It is an object of the present invention to provide an improved acid stable heteropolysaccharide which is produced by an unidentified Agrobacterium species. It is also an object of this invention to provide a heteropolysaccharide which thickens acid solutions, particularly hydrochloric acid solutions, containing high acid concentrations. It is an additional object of the present invention to provide an improved acidizing fluid composition with enhanced acid stability. It is still another object of this invention to provide a method for making this acid stable heteropolysaccharide. A still further object is to provide microorganisms for making the improved heteropolysaccharide. These and other objects of the invention will become apparent from the ensuing description.
It has now been found that an unidentified Agrobacterium species produces an acid stable heteropolysaccharide when incubated in a selected nutrient medium. A deposit under the Budapest Treaty of a biologically pure culture of this organism was made with the American Type Culture Collection, Rockville, Md., on Dec. 19, 1985 under Accession No. ATCC 53378. The acid stable heteropolysaccharide S-421 is prepared by growing the Agrobacterium species ATCC 53378 in an aqueous nutrient medium by aerobic fermentation of an assimilable carbon source and then recovering said heteropolysaccharide S-421. The assimilable carbon source is a carbohydrate, particularly glucose.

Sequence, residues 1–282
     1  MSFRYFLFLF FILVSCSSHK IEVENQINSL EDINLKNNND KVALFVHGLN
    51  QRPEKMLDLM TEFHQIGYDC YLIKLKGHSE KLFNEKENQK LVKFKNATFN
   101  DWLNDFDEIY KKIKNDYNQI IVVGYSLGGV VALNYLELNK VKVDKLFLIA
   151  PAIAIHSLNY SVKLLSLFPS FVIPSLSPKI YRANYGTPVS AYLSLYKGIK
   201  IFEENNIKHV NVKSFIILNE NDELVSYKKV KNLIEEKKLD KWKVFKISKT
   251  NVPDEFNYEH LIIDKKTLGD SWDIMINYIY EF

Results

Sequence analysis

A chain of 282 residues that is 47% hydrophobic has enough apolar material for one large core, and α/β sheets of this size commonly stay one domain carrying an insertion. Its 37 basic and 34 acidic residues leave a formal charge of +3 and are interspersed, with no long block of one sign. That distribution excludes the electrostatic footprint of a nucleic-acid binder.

This heteropolysaccharide has desireable properties in aqueous acid systems and is especially useful in formulating aqueous acidizing fluids. Such aqueous acidizing fluids contain from about 6 to about 35% by weight acid and from about 0.1 to 2.0% by weight heteropolysaccharide, said heteropolysaccharide containing principally carbohydrate, about 12% by weight protein, about 4% by weight acyl groups principally as O-succinyl groups, and about 4% by weight pyruvate, said carbohydrate portion containing the neutral sugars glucose and galactose in the approximate molar ratio of 6:1. The acids preferred for use in said acidizing fluids are non-oxidizing acids, selected from the group consisting of hydrochloric acid, hydrofluoric acid, acetic acid or formic acid, or combinations thereof.